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More Print Tips
- • 5 Opacity Tips You Should Know
- • The Window to Marketing
- • Connect With the Right People: Use the Right List
- • Profitable Postcard Marketing: Finding the Right Frequency
- • 3 Fundamentals for Nailing Your Direct Mail Marketing
- • Four Gorgeous Color Schemes for Your Next Design
- • 6 Rock-Solid Strategies to Improve Your Next Direct Mail Campaign
- • Key Elements to Consider When Seeking an Excellent Print Partner
- • A Quick Glance at the History of Print
- • Maximize Your Print Mailing with a Well-Written Cover Letter
- • Love Your Planet with Eco-Friendly Print Practices
- • Is a Bleed Right For Your Print Project?
- • Make a Splash With Creative Overprinting Techniques
- • Perfect Estimates Every Time
- • The Perfect Cover-Up
- • The Difference Between CMYK and PMS Colors
- • 6 Ways to Settle the Score
- • Win Customers With Colorful Packaging
- • 5 Rules for Readability with Type
- • Paper Shifts Color: Orange is the New Red
- • Printing Considerations for Envelopes
- • Be 'Bossy! Stand Above the Rest
- • Nourish Your Creativity
- • Picking the Perfect Paper
- • Perfect Your Proofing
- • Using "Enriched" Black Ink
3 Fundamentals for Nailing Your Direct Mail Marketing
Like oxygen is to breathing, the right strategy is to direct mail.
No matter what you sell or who you are selling to, the principles for marketing success are the same. There are three components to marketing, for anything, anywhere, at any price, to anyone. Every business requires three equal components to prosper:
- A marketing message
- A media to deliver the message
- A market to receive and respond to it
The Marketing Results Triangle
Called the Results Triangle, each part of this polygon feeds the others. But if the elements aren’t perfectly synchronized, marketing loses its power. There are several ways to render the model powerless, for example:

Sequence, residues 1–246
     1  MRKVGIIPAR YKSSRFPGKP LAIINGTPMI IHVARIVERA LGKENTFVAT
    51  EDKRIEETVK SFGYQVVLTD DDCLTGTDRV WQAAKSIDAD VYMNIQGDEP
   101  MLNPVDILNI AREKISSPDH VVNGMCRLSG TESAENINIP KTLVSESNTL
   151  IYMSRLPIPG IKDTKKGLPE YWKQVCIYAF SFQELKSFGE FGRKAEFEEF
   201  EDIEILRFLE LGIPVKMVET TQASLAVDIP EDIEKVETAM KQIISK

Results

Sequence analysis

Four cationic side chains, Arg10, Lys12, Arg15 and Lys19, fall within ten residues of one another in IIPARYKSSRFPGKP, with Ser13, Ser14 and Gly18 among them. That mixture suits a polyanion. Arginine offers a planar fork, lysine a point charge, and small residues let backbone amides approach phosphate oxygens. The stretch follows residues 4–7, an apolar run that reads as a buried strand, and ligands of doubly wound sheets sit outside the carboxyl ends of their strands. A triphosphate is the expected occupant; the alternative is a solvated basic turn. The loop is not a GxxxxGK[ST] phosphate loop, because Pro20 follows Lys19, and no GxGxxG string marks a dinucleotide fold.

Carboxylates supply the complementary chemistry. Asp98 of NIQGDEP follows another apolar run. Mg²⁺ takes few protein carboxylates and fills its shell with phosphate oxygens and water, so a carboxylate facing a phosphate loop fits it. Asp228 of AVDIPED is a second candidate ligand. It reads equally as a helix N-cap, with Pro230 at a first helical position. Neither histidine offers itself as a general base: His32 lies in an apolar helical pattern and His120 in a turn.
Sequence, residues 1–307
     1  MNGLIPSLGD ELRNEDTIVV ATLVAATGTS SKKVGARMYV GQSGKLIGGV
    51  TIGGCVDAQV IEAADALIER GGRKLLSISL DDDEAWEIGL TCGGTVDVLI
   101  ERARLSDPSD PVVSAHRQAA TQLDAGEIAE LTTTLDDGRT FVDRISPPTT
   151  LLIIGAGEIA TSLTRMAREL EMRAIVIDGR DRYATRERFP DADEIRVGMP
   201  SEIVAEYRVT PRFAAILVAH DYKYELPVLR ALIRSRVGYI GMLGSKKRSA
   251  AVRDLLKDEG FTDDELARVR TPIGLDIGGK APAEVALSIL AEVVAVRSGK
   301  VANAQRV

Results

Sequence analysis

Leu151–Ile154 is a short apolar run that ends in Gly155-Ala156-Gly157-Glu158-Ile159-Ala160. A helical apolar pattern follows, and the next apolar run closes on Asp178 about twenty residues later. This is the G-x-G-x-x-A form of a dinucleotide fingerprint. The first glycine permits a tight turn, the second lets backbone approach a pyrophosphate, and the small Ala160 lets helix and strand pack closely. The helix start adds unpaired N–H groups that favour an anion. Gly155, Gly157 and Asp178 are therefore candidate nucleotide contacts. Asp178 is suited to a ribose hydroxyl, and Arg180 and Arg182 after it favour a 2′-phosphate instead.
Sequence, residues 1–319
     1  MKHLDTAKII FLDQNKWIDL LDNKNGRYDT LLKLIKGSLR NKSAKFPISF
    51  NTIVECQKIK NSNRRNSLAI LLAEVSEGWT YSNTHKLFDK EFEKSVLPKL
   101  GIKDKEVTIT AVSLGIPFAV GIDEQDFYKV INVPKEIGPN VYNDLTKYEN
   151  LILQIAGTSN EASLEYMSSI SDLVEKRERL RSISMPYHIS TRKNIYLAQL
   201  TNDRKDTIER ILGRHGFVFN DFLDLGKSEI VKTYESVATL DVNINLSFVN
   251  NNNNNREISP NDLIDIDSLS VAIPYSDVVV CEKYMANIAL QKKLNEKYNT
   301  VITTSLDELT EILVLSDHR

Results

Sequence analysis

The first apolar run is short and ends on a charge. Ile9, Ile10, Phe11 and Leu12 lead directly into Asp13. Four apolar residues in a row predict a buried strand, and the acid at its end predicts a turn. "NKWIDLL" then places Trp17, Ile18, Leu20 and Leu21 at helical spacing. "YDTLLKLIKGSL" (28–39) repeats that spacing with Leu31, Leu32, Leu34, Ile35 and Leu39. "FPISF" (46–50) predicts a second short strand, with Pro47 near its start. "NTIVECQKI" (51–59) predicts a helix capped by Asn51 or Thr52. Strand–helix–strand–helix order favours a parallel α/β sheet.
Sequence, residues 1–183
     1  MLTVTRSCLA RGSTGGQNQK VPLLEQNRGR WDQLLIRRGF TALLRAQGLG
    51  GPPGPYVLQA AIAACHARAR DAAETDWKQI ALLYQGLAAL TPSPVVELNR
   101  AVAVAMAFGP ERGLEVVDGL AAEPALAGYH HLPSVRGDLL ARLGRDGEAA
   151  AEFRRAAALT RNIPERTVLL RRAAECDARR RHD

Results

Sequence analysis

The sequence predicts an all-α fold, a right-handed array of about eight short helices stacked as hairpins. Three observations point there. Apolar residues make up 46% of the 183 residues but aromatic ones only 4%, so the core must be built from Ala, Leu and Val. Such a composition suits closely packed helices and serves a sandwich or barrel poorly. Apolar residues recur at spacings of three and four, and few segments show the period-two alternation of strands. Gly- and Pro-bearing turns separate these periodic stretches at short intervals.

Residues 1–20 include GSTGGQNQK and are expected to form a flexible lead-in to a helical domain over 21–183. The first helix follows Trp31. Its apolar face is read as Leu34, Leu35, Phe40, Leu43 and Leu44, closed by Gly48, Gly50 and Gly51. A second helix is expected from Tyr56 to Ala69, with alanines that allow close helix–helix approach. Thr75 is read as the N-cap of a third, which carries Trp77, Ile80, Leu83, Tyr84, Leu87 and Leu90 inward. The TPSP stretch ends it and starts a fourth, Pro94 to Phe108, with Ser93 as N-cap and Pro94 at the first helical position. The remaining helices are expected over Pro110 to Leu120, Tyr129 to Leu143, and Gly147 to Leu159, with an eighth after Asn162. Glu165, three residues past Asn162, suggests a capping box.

- Right Message – Wrong Market – Right Media
- Wrong Message – Right Market – Right Media
- Wrong Message – Wrong Market – Wrong Media
And so on.
When you want to break through to stronger sales, you must get all three parts functioning in sync. This begins with identifying the target audience. How can you choose the right message or media if you don’t know precisely who you are trying to reach? It’s impossible. So, your “who” will dictate the message and the media.
Who are your key customers? If you are already selling, take a look at your current clients and identify commonalities. Do you tend to sell more to accountants and CPAs? Perhaps to men who are NRA members and belong to a shooting range? If you can identify specific markers, you can flush out prospects using commercial mailing lists.
One chiropractor noticed his most faithful clients shared two commonalities: they subscribed to Prevention magazine and paid for clinic services using an American Express card. This practitioner used that information to rent address lists for both the magazine and the cardholders, then targeted duplicates who lived in precise zip codes. For around $26 each, he found 27 prime names and eventually got 11 into the office (a 40% response!). Nine became patients, producing over $27,000 in revenues and offering referrals of their own.
Once you get smart about finding your WHO (the market), the selection of your message and media components will be clearer too. Use the Results Triangle to shape your strategy and get the momentum flowing!
No B.S. Direct Marketing: The Ultimate No Holds Barred Kick Butt Take No Prisoners Direct Marketing for Non-Direct Marketing Businesses
by Dan S. Kennedy
Dan S. Kennedy dares marketers to dramatically simplify their marketing, refocusing on what works. Updated to address the newest media and marketing methods, this marketing masterplan delivers a short list of radically different, little-known, profit-proven direct mail strategies for ANY business. Strategies are illustrated by case history examples from an elite team of consultants―all phenomenally successful at borrowing direct marketing strategies from the world of online sales, infomercials, etc., to use in ’ordinary’ businesses including retail stores, restaurants, and sales.